Adopting a child with Foetal Alcohol Syndrome(12 Posts)
You will find support at www.fasdtrust.co.uk. And check out today's article on http://www.channel4.com/news/doctors-call-for-alcohol-tests-during-pregnancy
My post was to the op, although I think you posted on it too Nananina
Hopefully the baby you mentioned was adopted and is getting the support it needs and deserves.
I can't remember your post Moomoomie as my brain cells are ageing quickly! I was really putting my five cents worth in. I often wonder what did happen to that baby I mentioned.
You commented on my post about the diagnosis my youngest two daughters received of FASD.
I am happy to discuss with you if you want to PM me.
I think one of the problems of a child who has been diagnosed with FAS is that there is no way of knowing when they are babies, where they will be on the FAS continuum, which could be anywhere between completely normal and horrendously troubled and troublesome.
80% of cases in the UK go undiagnosed. I was involved with a case when working as an independent sw and I visited the foster carers looking after this little girl. She was 8 months at the time, and the minute I saw her I recognised the facial features, lack of a philtrim (the thing between your nose and top lip) very thin top look, mis-shaped head - she was small for dates and her birthmother was a chronic abuser of alcohol. I only knew about FAS because many years ago I had placed a baby for adoption, and I didn't meet the adoptive parent for another 20 years or so and she told me all about the troubles they had had with the baby I placed, and her mother abused alcohol. Thing was I didn't know anything about FAS when I placed this baby. The 8 month baby I mention above had exactly the same facial features as the baby I placed all those years ago and had never heard of FAS.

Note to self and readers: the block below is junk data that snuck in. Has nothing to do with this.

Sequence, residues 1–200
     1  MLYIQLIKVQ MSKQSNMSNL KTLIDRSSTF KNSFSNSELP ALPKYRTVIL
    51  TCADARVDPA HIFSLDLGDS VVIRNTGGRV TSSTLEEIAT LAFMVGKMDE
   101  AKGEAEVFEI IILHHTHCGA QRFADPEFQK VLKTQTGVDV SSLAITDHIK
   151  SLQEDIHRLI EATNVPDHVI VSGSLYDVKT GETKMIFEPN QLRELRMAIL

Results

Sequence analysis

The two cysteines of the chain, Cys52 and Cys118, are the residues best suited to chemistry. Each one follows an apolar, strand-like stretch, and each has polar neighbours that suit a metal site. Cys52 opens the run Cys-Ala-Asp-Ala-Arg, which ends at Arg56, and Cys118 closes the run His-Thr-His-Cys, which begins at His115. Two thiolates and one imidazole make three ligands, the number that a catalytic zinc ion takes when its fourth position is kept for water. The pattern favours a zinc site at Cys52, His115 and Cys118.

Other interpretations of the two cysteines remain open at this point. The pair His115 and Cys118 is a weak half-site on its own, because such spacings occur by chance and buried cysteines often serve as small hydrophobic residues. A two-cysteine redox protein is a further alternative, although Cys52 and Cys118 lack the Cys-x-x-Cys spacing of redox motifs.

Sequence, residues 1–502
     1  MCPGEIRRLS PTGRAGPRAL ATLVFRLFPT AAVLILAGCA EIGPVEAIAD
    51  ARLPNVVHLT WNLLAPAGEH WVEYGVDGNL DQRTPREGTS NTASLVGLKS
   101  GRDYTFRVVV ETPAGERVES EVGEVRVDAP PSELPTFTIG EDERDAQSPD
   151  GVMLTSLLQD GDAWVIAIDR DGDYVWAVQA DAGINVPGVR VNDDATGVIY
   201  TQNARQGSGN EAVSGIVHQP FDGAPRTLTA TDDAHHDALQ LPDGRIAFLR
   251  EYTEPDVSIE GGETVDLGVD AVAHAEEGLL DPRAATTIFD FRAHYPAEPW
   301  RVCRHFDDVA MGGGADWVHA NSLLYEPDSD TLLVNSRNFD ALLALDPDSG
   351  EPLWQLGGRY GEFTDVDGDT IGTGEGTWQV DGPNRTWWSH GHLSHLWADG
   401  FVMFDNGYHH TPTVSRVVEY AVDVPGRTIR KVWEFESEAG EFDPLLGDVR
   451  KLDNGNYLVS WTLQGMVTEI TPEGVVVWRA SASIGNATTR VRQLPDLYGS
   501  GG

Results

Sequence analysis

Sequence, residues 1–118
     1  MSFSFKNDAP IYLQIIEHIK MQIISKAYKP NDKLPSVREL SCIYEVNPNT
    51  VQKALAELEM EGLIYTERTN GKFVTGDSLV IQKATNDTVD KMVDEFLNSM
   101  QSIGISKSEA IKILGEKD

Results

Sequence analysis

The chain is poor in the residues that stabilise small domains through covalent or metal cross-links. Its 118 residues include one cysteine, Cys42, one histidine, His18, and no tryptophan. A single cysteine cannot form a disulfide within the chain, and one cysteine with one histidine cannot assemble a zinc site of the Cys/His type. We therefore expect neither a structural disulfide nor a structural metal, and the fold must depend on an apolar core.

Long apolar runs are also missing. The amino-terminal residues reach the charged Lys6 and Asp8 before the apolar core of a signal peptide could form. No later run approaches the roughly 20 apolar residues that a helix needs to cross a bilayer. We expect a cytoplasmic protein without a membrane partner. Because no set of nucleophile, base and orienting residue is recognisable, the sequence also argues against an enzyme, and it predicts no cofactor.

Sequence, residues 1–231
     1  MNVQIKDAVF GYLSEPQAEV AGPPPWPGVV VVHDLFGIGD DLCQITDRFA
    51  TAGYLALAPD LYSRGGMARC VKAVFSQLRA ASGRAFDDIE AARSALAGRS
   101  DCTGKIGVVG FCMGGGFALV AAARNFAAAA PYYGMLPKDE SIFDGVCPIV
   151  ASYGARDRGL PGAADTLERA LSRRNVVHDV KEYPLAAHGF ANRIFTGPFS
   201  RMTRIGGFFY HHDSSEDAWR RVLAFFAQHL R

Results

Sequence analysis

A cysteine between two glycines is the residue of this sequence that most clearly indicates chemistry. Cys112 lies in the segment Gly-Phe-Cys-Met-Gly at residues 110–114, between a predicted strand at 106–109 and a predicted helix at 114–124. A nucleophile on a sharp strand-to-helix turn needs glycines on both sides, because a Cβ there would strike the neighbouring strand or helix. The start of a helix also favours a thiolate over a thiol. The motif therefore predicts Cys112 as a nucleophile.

I mentioned FAS to the foster carers of the 8 mth baby and they looked at each other (they had been fostering for over 30 years) and said this baby reminded them of another baby they had fostered, whose mother abused alcohol.
I spoke to the HV, but she was not interested and was saying that a child could be born addicted to drugs, and can withdraw. I told her that I was aware of this but this is not the case with FAS as alcohol gets through to the placenta and damages the cells of the unborn baby. I read a very good book called "FAS the Hangover without a cure." The GP poo-pooed me as well. The guardian in the case was fortunately someone who had been in my team in Fostering & Adoption for the LA, and she took me seriously and happened to know a specialist medic in Glasgow and the LA reluctantly paid him to assess the child. He found that there was no doubt at all that this baby was a FAS baby. He diagnosed by the facial features and other factors (I think some FAS babies don't necessarily have the facial features) butwarned that like any sydrome it would not be known until the child grew up just where she would be on the continuum.
I was assessing relatives to care for the child on a permanent basis, but when I told them of the problem, after much thought they decided to withdraw their application. I was quite relieved in a way because they already had 3 children and were struggling financially. As my involvement ended at this stage I don't know what happend to the baby.